Using blown-in insulation in walls and floors is more complex than insulating an attic. The installation requires a larger understanding of components inside your home's walls, where electrical wiring and outlets are located. This also requires the person doing the work to be handy, able to set aside a large chunk of time, and comfortable with drilling insertion holes in walls. Most experts advise homeowners to contact a professional to complete this job, especially if they are uncomfortable with the process or have no prior experience. Lining walls and floors with blown-in insulation is also different than insulating an attic in terms of maximum achievable R-value. The reason is that the space inside of a wall or floor is considerably smaller than the open space of an attic, so without any negative space, the wall is filled almost completely. This contributes to a lower R-value for walls and floors but doesn't lessen the importance of insulation.

R-ValueBags Per 1,000 Sq. Ft.Material CostInstalled Thickness (Inches)Labor Hours
R-1313$4293.520
R-1515$4953.523
R-2121$6935.527
R-2419$9575.530

If you are intent on doing it yourself, here's a breakdown of the expected cost for a 1,000-square-foot home. Cost varies, and is determined by what type of material you choose (fiberglass or cellulose):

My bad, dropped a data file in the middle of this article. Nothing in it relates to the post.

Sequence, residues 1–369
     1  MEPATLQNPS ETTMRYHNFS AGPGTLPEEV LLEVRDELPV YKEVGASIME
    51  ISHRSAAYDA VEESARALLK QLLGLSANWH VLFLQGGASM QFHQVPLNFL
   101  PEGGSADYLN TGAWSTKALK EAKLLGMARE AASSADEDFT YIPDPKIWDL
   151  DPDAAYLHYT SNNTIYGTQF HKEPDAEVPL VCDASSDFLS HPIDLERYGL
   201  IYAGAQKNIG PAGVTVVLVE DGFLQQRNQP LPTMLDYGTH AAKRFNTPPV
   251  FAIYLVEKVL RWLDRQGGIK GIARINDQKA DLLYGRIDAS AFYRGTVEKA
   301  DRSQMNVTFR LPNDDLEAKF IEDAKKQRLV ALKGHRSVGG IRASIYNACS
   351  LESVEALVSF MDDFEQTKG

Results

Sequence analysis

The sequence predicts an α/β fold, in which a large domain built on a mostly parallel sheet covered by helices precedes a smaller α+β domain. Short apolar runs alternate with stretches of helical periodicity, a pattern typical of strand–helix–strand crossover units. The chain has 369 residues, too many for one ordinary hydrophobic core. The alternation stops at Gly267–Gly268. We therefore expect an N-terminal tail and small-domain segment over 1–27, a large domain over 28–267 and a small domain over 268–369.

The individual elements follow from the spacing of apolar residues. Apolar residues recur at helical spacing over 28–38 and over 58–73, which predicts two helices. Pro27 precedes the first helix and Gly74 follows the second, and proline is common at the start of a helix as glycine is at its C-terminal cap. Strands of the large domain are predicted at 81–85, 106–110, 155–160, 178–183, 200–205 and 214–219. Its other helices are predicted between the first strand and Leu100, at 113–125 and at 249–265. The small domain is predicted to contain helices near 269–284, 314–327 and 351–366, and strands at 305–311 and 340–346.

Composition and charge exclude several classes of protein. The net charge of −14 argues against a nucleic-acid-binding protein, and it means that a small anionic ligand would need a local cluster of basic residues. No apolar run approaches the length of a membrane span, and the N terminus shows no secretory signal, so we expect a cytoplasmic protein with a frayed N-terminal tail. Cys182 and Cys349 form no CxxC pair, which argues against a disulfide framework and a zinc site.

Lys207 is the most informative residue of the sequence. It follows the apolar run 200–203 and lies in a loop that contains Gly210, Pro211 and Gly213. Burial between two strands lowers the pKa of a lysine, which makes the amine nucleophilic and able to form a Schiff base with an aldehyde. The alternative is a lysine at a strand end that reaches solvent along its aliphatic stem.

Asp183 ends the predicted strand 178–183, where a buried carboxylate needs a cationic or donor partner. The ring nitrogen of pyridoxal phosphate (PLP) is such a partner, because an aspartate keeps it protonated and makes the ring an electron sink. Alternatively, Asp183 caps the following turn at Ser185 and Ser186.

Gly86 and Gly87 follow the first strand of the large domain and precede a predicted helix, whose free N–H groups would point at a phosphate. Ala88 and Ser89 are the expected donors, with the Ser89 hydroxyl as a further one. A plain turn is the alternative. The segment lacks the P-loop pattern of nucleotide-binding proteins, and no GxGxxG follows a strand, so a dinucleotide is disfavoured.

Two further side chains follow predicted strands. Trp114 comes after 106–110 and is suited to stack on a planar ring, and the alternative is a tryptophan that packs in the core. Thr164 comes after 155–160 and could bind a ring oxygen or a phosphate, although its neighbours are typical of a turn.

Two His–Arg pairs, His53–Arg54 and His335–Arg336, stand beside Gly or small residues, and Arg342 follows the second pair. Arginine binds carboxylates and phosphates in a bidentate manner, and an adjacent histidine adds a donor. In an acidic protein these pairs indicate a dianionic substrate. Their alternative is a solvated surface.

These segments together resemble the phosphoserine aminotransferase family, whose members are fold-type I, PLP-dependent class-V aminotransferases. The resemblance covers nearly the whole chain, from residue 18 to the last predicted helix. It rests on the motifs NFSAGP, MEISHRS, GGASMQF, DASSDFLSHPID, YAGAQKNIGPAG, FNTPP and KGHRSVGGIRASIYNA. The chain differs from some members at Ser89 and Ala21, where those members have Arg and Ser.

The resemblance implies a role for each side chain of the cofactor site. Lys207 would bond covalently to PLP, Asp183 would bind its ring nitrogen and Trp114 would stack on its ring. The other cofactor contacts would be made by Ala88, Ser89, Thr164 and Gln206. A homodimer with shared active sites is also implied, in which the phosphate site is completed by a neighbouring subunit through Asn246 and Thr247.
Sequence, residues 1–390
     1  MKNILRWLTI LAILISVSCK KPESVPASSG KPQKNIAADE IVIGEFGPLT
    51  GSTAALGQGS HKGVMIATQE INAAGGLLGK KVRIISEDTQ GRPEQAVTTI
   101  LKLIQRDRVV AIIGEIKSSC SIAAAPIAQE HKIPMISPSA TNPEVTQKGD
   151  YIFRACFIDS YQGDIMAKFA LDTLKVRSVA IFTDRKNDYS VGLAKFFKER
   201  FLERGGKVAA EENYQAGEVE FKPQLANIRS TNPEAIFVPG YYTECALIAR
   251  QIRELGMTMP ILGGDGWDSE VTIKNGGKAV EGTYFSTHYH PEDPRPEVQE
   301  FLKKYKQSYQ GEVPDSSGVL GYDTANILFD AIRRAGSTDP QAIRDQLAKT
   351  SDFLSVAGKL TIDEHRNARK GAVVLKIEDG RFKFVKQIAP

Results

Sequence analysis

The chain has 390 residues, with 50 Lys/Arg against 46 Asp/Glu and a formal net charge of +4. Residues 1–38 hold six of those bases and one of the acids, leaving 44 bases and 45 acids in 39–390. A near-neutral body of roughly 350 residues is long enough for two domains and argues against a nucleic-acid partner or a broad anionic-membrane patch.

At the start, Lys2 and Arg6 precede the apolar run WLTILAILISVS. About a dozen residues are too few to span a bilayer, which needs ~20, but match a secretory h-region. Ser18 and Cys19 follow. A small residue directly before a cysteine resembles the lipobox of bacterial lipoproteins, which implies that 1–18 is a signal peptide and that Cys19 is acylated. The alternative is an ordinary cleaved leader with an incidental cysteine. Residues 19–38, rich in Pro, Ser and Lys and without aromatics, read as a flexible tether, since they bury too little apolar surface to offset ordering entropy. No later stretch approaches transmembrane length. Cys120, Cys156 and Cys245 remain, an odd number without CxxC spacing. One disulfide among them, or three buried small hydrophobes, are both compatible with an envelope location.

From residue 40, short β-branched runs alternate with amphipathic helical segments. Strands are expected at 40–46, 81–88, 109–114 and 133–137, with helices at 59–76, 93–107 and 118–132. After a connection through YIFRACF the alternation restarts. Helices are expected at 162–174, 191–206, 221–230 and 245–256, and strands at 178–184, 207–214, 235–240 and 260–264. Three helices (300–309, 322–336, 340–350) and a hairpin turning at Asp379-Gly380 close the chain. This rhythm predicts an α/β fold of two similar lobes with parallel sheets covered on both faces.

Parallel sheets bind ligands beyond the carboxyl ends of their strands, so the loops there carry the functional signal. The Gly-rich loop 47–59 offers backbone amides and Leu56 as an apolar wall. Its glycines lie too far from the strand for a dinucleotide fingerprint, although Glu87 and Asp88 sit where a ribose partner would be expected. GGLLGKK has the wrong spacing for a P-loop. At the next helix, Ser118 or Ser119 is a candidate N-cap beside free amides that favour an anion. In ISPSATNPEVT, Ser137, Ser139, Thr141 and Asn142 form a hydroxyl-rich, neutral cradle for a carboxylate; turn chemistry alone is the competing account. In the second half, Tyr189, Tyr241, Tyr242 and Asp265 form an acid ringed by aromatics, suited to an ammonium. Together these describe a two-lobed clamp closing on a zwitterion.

1. $450 - $1,000 for materials
  2. About $100 for machine rental, unless you can find an offer that includes unit rental with a set purchase price of insulation
  3. Totaling $550 - $1,075

Because the time it takes to insulate walls and floors is far greater than the time it takes to insulate an attic (several days versus several hours), hiring a professional is often advised. There is also a chance that a novice installer will make a mistake during installation, which may end up costing them more to repair. This fact alone might sway many into researching reputable installers instead of going it alone. For a cost analysis of hiring professionals, you can expect to pay roughly the same amount for materials as you would to do it yourself. However, because of how much work is involved with the process of installing insulation into floors and walls, the job can be costly. For labor costs expect to pay between $40 - $70 an hour. Because insulating walls and floors with blown-in insulation is more time-consuming and labor-intensive, the complete job will total between $1,200 and $1,800.

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Why Use Blown-In Insulation?